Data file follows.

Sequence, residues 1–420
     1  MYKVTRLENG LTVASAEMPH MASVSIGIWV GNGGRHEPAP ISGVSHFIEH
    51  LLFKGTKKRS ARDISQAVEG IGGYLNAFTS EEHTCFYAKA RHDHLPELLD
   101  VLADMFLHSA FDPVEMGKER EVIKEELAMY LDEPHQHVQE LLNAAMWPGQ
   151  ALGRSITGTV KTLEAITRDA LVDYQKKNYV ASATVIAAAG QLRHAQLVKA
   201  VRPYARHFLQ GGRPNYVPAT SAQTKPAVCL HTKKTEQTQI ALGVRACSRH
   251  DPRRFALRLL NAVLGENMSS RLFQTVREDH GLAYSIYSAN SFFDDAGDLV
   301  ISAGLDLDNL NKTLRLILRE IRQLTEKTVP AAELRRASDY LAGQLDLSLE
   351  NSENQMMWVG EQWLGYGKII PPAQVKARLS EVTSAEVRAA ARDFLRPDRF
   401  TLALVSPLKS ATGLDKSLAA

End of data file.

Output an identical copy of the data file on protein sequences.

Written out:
Sequence, residues 1–420
     1  MYKVTRLENG LTVASAEMPH MASVSIGIWV GNGGRHEPAP ISGVSHFIEH
    51  LLFKGTKKRS ARDISQAVEG IGGYLNAFTS EEHTCFYAKA RHDHLPELLD
   101  VLADMFLHSA FDPVEMGKER EVIKEELAMY LDEPHQHVQE LLNAAMWPGQ
   151  ALGRSITGTV KTLEAITRDA LVDYQKKNYV ASATVIAAAG QLRHAQLVKA
   201  VRPYARHFLQ GGRPNYVPAT SAQTKPAVCL HTKKTEQTQI ALGVRACSRH
   251  DPRRFALRLL NAVLGENMSS RLFQTVREDH GLAYSIYSAN SFFDDAGDLV
   301  ISAGLDLDNL NKTLRLILRE IRQLTEKTVP AAELRRASDY LAGQLDLSLE
   351  NSENQMMWVG EQWLGYGKII PPAQVKARLS EVTSAEVRAA ARDFLRPDRF
   401  TLALVSPLKS ATGLDKSLAA